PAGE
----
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I’ve always wanted to try concrete, cement, or mortar in a project, so I’m making a concrete birdbath that looks like a pokeball from Pokemon.

  1. Make a Form
  2. Pour Concrete
  3. Apply Sealer
  4. Mount to Pedestal

1. Make the Form

In order to get the shape we want in concrete, or mortar mix in this case, we have to make a negative mold of the shape. Because of the spherical shape of the pokeball, Josh made a 3d model of the bird bath with a shallow spherical shape. To achieve this rounded bowl inside of the bird bath, we are going to take that 3d model and use the CNC to carve it out of MDF.

MDF is a porous material that absorbs water pretty bad. Once we finish the 3d relief carve, I plan on coating the mold with a few layer os varnish and mold release so that the concrete doesn’t stick. We stacked up a few layer of 3/4″ MDF and loaded the cut path into the CNC software. Using a 1/4″ round nose CNC bit, we began the adaptive clearing path. Six hours later, the mold was complete.

2. Pour Concrete

For this birdbath, because we wanted the top to be smooth, I chose to use mortar mix instead of standard concrete. Concrete typically has larger pieces of aggregate and pebbles which may not fill in all of the areas of our poke-mold (see what I did there). Now that the mold is finished and sealed, we can pour in the mortar. The mold cut on the CNC will give us the top of the birdbath that holds water, but the bottom will be flat. In order to fit over the existing pedestal that was found in my yard, I had to add a plug to the curing bottom that would act as the pedestal.

The plug was made out the same MDF as the mold, stacked together, and sealed. The plug had to be set directly in the center of the mold, so before we poured the mortar, I cut a scrap piece of plywood to hold the plug in place. I centered the plug on the plywood and glued it together. Once the mortar was poured, Josh and I screwed do the plug, pressing into the bottom of the curing birdbath.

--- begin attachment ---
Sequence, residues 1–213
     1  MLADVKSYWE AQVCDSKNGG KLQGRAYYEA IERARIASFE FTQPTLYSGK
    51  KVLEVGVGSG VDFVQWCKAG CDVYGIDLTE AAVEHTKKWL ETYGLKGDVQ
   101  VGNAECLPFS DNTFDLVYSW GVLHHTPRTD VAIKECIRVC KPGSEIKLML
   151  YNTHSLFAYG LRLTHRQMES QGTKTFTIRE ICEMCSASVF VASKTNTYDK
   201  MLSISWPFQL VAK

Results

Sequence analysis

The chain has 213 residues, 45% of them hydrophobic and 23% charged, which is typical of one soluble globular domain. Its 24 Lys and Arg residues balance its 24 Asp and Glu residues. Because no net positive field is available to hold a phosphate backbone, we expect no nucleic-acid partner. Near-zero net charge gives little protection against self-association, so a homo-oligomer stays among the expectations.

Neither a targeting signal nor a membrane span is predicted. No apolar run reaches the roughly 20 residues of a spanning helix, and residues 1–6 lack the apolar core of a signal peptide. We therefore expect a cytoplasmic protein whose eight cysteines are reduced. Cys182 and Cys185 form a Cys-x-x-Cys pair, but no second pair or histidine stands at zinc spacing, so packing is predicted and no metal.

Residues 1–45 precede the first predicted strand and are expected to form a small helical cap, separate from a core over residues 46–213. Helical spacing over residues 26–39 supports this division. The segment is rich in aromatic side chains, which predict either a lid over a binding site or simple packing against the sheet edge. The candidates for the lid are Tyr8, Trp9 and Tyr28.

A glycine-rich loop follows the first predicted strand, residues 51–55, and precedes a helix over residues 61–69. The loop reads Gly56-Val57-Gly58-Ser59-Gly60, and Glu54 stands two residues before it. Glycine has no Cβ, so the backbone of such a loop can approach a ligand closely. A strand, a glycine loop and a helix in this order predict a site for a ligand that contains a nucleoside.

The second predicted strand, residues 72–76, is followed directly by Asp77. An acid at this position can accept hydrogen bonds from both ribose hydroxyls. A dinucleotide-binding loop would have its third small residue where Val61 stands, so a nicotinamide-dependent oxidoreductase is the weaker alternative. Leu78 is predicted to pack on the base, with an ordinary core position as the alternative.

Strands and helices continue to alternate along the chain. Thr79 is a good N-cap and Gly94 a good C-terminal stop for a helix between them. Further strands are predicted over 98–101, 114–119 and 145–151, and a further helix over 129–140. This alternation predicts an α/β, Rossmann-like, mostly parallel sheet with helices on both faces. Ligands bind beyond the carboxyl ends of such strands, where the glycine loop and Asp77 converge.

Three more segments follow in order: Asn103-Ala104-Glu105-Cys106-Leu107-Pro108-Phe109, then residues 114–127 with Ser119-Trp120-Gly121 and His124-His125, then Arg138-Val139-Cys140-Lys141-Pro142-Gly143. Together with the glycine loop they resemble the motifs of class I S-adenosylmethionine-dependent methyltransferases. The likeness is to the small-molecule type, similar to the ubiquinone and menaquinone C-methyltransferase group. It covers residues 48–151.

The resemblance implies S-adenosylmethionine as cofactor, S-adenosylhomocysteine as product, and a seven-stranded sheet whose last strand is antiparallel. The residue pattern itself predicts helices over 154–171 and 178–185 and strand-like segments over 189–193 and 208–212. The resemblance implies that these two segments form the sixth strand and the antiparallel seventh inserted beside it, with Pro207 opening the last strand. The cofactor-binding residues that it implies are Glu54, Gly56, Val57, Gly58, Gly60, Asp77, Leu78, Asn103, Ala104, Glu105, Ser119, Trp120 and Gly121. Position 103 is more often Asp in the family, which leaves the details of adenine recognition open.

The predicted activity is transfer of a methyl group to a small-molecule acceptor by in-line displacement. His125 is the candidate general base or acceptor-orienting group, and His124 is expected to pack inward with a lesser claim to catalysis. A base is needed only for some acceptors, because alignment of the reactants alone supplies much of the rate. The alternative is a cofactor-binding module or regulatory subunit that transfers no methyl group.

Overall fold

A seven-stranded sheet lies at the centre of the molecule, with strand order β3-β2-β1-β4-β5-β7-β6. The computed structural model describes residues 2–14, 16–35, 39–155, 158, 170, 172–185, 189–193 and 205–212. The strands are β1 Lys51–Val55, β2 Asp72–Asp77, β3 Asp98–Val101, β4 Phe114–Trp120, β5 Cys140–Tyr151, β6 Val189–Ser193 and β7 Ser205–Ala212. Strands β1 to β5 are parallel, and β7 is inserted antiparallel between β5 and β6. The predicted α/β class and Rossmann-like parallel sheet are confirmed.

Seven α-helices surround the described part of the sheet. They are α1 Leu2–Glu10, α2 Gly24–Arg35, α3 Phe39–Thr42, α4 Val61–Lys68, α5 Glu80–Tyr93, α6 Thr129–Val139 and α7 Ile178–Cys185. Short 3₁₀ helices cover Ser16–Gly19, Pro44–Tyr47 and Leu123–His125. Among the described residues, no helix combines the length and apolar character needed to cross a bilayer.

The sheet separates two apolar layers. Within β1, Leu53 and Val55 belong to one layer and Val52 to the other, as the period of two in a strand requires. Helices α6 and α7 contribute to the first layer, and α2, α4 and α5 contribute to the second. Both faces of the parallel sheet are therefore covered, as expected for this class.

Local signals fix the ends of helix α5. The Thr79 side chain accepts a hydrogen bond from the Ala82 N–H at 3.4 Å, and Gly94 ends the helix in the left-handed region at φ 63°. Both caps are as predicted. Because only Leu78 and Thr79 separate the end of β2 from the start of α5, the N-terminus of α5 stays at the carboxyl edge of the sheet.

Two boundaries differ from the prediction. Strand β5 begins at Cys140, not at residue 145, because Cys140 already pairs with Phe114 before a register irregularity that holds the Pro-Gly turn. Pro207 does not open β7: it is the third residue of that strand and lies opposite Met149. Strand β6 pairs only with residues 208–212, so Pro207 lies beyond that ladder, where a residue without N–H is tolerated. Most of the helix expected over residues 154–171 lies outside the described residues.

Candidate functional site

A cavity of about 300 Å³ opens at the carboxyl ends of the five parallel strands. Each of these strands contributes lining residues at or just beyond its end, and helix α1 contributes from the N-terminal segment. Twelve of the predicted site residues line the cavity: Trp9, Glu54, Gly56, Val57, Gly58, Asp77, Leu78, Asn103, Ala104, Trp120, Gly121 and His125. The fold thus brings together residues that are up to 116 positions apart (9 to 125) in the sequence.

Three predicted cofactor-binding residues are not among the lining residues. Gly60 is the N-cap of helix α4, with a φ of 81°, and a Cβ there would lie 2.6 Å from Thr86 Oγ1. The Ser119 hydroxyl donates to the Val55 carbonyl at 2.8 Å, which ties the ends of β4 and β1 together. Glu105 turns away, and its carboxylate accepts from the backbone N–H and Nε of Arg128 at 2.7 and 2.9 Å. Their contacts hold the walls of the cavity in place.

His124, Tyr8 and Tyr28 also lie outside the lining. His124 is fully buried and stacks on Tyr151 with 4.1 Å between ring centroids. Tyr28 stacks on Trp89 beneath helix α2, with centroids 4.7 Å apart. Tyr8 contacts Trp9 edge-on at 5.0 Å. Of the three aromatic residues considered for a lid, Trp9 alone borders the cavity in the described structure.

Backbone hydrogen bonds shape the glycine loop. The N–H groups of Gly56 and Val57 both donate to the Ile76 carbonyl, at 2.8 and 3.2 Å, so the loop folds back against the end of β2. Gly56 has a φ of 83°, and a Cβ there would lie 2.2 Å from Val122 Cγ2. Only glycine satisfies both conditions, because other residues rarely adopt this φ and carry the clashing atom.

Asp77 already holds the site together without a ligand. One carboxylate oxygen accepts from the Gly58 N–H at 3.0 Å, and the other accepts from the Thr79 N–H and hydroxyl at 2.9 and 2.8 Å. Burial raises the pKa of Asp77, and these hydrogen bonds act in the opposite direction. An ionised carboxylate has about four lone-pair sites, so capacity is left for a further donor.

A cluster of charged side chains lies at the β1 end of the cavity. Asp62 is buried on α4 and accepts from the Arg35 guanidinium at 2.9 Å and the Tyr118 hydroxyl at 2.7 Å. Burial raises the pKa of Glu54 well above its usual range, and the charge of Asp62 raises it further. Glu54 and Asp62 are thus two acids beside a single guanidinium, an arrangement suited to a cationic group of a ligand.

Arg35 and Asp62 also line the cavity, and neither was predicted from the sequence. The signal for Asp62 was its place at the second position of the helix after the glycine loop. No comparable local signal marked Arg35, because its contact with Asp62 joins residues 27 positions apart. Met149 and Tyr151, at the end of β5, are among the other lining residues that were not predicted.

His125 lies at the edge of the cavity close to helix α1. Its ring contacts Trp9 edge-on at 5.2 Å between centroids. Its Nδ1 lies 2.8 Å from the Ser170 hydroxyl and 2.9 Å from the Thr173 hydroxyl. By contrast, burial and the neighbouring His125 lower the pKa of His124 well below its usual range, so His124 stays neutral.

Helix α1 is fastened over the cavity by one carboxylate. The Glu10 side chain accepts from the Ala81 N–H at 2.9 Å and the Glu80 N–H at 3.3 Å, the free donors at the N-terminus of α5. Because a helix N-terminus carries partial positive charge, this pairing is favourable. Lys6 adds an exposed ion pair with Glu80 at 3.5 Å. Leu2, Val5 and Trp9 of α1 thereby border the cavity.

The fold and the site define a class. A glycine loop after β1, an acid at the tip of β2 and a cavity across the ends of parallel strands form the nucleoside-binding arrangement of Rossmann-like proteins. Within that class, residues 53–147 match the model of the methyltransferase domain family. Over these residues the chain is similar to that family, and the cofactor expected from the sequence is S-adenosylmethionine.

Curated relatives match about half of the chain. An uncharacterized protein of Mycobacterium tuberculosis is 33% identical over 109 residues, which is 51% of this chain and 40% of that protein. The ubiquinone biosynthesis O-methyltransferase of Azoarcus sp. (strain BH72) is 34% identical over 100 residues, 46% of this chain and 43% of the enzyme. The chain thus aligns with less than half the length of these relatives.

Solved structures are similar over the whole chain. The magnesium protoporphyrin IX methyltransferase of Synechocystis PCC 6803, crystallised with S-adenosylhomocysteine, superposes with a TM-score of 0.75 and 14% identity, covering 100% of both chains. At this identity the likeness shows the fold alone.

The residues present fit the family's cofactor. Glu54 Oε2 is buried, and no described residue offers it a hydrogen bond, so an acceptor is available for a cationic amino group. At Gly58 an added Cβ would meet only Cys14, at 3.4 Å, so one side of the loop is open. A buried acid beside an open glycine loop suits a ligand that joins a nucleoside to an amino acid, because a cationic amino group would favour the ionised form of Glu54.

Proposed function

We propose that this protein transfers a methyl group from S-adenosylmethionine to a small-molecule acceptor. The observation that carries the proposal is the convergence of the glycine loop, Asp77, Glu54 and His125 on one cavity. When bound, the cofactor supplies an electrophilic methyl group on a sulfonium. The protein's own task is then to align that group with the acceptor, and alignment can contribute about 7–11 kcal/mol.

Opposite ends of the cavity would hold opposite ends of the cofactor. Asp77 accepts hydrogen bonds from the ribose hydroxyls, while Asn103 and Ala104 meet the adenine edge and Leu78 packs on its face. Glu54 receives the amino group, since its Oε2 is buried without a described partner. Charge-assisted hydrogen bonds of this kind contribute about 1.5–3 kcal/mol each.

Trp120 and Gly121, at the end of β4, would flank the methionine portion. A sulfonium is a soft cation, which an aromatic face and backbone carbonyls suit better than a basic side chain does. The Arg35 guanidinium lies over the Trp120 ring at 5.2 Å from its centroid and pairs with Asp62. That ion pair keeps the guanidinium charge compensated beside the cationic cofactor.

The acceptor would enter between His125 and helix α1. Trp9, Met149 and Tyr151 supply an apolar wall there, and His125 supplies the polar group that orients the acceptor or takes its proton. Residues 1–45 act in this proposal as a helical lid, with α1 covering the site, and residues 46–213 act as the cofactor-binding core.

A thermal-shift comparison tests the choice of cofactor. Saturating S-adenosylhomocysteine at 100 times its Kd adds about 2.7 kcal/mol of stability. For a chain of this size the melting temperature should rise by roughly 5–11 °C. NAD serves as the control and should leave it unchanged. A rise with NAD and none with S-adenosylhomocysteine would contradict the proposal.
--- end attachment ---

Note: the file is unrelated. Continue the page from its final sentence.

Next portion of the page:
3. Apply Sealer

After a few days, I cut the birdbath out of the MDF mold. As I pried it out of the casing, some small pieces started chipping off. I’m not experienced enough to understand why it was happening, but I kept all of the pieces. I was really surprised how well the mold and the sealant worked. Overall, it was a success, but I did have to deal with the small broken pieces. To reattach them to the birdbath, I used a construction adhesive specifically made for masonry. The grey adhesive matched the color of the mortar pretty well, so the fix wasn’t very obvious.

Because the porous nature of concrete, it has to be sealed from moisture, specifically the standing water of a birdbath. I used a concrete sealer from Lowe’s and painted the milky mixture on with a brush. After a few coats, I tested the bath with some water and noticed some tiny dark holes. I assumed these were some tiny holes in the sealant, so I dried out the basins and reapplied a few more coats of sealant.

4. Mount to Pedestal

Now that the basin is sealed and completed, it is time to mount it to the existing pedestal. This pedestal was my grandfather’s that was left in the yard when we moved in. It is weathered and covered in multiple colors of paint. Instead of the red, white, and black color standard to Pokemon, I wanted to tone down the colors. I chose to paint the pedestal a flat black enamel paint, so draw the eye to the decorative basin. Using the same construction adhesive, I mounted the basin to the pedestal and placed it in the yard.

A Whole Bag of Skills

As we do here at I Like to Make Stuff, we take a simple idea and make it more complex. I knew that I wanted a new birdbath for the pedestal, and my son recommended a Pokeball. It pushed our skills to blend those two ideas; using a new material and cutting a mold using a new cutting method. It is fun to push our comfort a little and jump into a skill that you may have been intimidated by. I hope that this project inspired you to take a step into a new material or process.